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HOLMBERG: Virginia serial killers have been mad geniuses, hard to catch

Posted at 1:39 AM, Oct 03, 2014
and last updated 2014-10-03 09:38:51-04

As police investigators - and legions of armchair sleuths - measure up UVa. abduction suspect Jesse Matthew for other missing girl cases across the state, it would be nice to picture a tidy, quick conclusion.

But that's typically not the case with these types of crimes.

Some of these missing-young-women cases already go back a decade. Countess investigators have been involved. Tens of thousands of hours of searching, testing, questioning and re-questioning.

Parts of this current case remind me of some of the twists and turns involving the eventual arrests of the worst serial killers in recent Virginia history.
Those perpetrators had some things in common.

They were failures in just about everything else they did in life, except for killing. They'd get busted for something like a break-in, but somehow get away with torturing and murdering multiple people. It's like they're mad geniuses at it.

The other thing is, once they were caught, it's like, duh, why didn't everyone figure it out before? They were right there in full view.

Case in point: Leslie Leon Burchart, a homeless schizophrenic believed to be the most prolific serial killer in Virginia history, beating and strangling at least seven people to death, four of them elderly women living alone in their West End homes - the so-called Golden Years slayings in 1996.

He was hiding in plain view.

"He was in plain sight," said retired Richmond detective Louis "Boo" Quick, who got a confession of of Burchart. "He was walking the streets. That's how he got around. He didn't have a vehicle. He walked the streets constantly."

Burchart was a regular at the main city library. Most days he sat on a low wall near the corner of W. Brand Street and the Boulevard, seen but not noticed by thousands every day.

When I talked with him in prison after his convictions, he admitted everything else in his life went wrong.

"There was so much negativity in my life," he said, "When I had a choice, I chose the negative one."

He worked menial jobs when he wasn't in mental hospitals or group homes.

And yet he beat and strangled seven people to death, some of them in the most gruesome fashion, without leaving a trace of evidence. He got tripped up when one of the street-type men he had beaten horribly and left for dead - 36 skull fractures - survived.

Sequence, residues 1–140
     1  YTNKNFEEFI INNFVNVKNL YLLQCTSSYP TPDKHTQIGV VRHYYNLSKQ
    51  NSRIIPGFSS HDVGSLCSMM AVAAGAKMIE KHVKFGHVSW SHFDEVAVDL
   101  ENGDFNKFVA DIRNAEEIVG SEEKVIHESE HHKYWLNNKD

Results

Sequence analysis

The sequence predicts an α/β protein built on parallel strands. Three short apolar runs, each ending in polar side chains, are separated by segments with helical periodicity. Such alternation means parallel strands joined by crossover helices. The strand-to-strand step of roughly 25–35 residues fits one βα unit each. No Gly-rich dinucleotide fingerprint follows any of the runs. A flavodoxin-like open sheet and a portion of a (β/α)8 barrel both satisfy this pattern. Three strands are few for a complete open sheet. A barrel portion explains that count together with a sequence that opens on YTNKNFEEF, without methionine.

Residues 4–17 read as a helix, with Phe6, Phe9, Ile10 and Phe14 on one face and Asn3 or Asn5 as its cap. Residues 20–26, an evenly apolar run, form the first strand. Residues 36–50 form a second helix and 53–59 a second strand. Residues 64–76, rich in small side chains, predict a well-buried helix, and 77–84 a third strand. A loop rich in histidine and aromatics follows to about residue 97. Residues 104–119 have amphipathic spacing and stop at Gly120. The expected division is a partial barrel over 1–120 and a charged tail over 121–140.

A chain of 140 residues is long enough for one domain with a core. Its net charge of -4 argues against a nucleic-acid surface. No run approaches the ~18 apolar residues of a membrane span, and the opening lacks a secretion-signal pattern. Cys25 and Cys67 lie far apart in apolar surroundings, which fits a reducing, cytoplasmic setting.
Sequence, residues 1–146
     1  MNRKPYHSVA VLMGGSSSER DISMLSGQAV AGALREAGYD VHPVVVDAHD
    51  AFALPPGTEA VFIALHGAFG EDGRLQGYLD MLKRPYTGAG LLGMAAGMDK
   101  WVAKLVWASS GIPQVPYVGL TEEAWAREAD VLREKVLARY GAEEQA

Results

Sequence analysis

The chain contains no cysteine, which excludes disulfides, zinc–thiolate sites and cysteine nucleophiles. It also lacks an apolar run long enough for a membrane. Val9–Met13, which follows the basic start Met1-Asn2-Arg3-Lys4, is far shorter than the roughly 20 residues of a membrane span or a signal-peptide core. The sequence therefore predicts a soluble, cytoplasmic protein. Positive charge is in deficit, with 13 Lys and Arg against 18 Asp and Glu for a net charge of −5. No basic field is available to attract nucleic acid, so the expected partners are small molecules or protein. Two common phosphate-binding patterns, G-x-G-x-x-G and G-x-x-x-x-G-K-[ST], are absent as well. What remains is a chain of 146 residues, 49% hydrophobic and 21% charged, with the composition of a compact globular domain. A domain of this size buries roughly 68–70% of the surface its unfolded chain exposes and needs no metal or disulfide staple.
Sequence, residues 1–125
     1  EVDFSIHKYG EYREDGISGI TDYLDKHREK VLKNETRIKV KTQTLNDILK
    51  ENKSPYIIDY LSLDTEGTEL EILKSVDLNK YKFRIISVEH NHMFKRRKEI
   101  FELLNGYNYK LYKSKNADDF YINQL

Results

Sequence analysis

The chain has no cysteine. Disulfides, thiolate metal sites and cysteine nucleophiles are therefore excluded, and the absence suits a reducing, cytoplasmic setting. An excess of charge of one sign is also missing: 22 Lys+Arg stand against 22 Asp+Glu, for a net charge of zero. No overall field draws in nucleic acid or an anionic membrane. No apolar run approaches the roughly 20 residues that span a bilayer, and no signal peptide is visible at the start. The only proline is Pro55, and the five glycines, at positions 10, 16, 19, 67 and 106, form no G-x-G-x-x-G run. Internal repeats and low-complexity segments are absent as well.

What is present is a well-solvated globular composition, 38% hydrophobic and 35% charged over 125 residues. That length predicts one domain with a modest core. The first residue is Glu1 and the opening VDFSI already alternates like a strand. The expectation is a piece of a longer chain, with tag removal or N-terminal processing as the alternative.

But man, everybody was trying to solve the rash of Golden Years murders. The city was really worried. A task force was set up, made up of city and county detectives, state police and FBI agents. For almost four years they tried to crack the cases.

By then, the killing had stopped.

RPD detective "Boo" Quick, a crackerjack bank robbery investigator and former homicide detective, was given the cases to see if a lone pair of fresh eyes could see something new.

"They gave me this little room to use as an office about the size of a closet," Quick recalled. "By the time I got all the files in there, I barely had enough room to turn around."

Thanks to all the work the previous investigators had done, Quick settled on three suspects, discarded two and then painstakingly gathered the threads for a tightly woven case that would snare Burchart. It as all about prepping for the questioning, knowing what to ask and how.

Watch my video interview with Boo here. And below is a column I wrote for the Times-Dispatch about my interview with Burchart. (He died in prison of health problems in August of 2002.)

Tomorrow we look at serial killer Timothy Spencer - the "Southside Strangler" - whose arrest and conviction was very much the work of one detective bucking conventional wisdom. It was also the first big DNA case in the nation.

When you look at this current case in then context of these old ones, it may help you understand how hard to is to solve these horrible mysteries.

Richmond Times-Dispatch - Sunday, November 5, 2000

Author: Mark Holmberg
Richmond's worst serial killer would love to have a pair of scissors.

"To trim my beard," Leslie Leon Burchart said recently during the first of two visits with him at the Sussex I State Prison.

That's where he's serving five life terms plus 105 years for beating and strangling seven men and women during six incredibly violent months in 1996.

This infamous psychopath has cleaned himself up. He's doing push-ups and sit-ups in his cell to tone up. Gone is the ghostly Charles Manson look - the long, greasy hair and matted Rip Van Winkle beard.

His eyes are bright and focused, instead of dull and maniacal. He's courteous and gentle, not at all like the freak who poked his own lawyer in the eyes after being arrested for murder.

This new Burchart is tailored to his new claim: He didn't beat and strangle the four older women living alone in early 1996, even though he confessed and pleaded guilty to these "Golden Years" crimes just nine months ago.

"If I absolutely had to Error: Break shortcode syntax invalid, I would as a last resort," he said. "But I wouldn't kill her."